Elton Brand has had a couple of solid seasons for the Philadelphia 76ers, but that wasn’t enough for them to keep him around at one of the highest salaries in the league.
The 76ers are going to use their amnesty clause to wipe Elton Brand — and the final year and $18 million — off their books, reports Adrian Wojnarowski of Yahoo (and since confirmed by multiple sources). Brand still gets paid his money but it disappears from the official team salary rolls.
The 76ers need to do this to bring back Spencer Hawes and sign Nick Young to a new contract. It gives them some room to make a run at retaining Lou Williams. (Do you want Williams and Young at the same time is another question.)
Brand averaged 11 points and 7.6 rebounds for the Sixers last season and was fairly efficient (he had a PER of 18 this season, 18.5 last season), but he didn’t really grab a lot of boards and he had some defensive matchup issues because he does not move well laterally.
The reality is Brand is still a serviceable NBA big man, just wildly overpaid at $18 million.
Under NBA amnesty rules, the teams under the salary cap can bid on Brand’s services and pick up a portion of his contract. That means the Mavericks, Trail Blazers, Suns, Hornets, Cavaliers, Rockets and other teams could bid on his services. The team with the highest bid would get his services. (To explain, if a team bids $3 million for Brand and that is the highest bid, he plays for that team and they pay him $3 million and the other $15 million he is owed comes from the $76ers. Only the salary bid counts against the new team’s salary cap.)
This is the 76ers one amnesty.
Carmelo Anthony can flat-out score the rock — that has never been the question. Even hurting last season for many of the 40 games he played, he averaged 24.2 points a game, had a true shooting percentage of 53.1 percent (right near the league average) while having the entire weight of the Knicks offense on his shoulders (32.2 usage rate, fifth highest in the NBA). When people (or players) talk about him being overrated, the discussion turns to defense or if he makes his teammates better. But there should be no doubt Anthony is an elite scorer.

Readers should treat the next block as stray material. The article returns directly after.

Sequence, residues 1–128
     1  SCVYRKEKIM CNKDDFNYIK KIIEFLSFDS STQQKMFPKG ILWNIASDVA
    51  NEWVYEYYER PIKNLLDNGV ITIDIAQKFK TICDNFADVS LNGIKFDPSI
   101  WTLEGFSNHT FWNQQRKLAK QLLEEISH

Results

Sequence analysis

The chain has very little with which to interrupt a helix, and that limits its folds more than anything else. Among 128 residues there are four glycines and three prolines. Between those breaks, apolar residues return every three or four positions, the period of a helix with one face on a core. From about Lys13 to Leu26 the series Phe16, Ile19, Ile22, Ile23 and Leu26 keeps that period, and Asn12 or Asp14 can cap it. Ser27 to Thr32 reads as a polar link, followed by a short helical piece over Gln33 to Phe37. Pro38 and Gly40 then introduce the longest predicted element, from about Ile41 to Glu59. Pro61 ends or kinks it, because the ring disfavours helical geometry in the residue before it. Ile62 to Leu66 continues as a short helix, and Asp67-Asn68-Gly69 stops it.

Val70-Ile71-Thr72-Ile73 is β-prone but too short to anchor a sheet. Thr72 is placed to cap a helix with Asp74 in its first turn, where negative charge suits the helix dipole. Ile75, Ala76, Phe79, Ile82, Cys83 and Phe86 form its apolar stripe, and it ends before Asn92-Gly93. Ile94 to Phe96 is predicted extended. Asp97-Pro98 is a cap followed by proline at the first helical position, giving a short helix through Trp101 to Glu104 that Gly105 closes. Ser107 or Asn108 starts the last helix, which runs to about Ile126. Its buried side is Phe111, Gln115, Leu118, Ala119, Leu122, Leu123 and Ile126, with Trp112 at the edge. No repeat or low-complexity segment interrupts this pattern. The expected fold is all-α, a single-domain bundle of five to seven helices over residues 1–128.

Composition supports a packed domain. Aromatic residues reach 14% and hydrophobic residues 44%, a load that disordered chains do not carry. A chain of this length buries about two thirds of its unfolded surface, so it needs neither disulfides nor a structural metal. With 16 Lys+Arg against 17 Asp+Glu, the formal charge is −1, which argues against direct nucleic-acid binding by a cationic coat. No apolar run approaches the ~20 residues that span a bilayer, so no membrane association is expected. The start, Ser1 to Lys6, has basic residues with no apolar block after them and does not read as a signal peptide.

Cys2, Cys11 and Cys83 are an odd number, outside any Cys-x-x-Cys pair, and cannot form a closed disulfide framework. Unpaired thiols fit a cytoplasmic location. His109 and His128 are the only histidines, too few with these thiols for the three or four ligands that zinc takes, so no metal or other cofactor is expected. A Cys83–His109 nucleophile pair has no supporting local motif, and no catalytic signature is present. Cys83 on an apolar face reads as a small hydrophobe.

He thinks he will be for a while longer — like another five years. Via Ian Begley of ESPN:
In fact, the 31-year-old Knicks star is confident that he can play at a high level for the next “four or five years.”
“Without a doubt. Without a doubt,” Anthony said after the Knicks’ final training camp practice on Saturday.
The Knicks better hope that’s true, they already made that bet with that massive five-year contract they gave him last summer.
Anthony’s age combined with him coming off knee surgery have a lot of people — myself included — expecting him to take a step back. Not a big one, but he is coming up at the point in his career where some open shots he used to get are now contested because he’s half-a-step slower, and some of those looks don’t fall as often. His jumper isn’t suddenly going to look like Rajon Rondo‘s, ‘Melo is going to get his points, but he may not be as efficient.
Fortunately, the Knicks have an improved supporting cast around him this season. That should take some offensive load off his shoulders, and maybe the Knicks offense will see better ball movement and start to resemble the triangle. If it’s just more isolation Anthony, it’s not going to be pretty.
SACRAMENTO, Calif. (AP) The Sacramento have picked up the 2016-17 option on guard Ben McLemore‘s contract.
General manager Vlade Divac announced the move Saturday.
McLemore was Sacramento’s first-round pick in 2013. He averaged 12.1 points, 2.9 rebounds and 1.7 assists last season.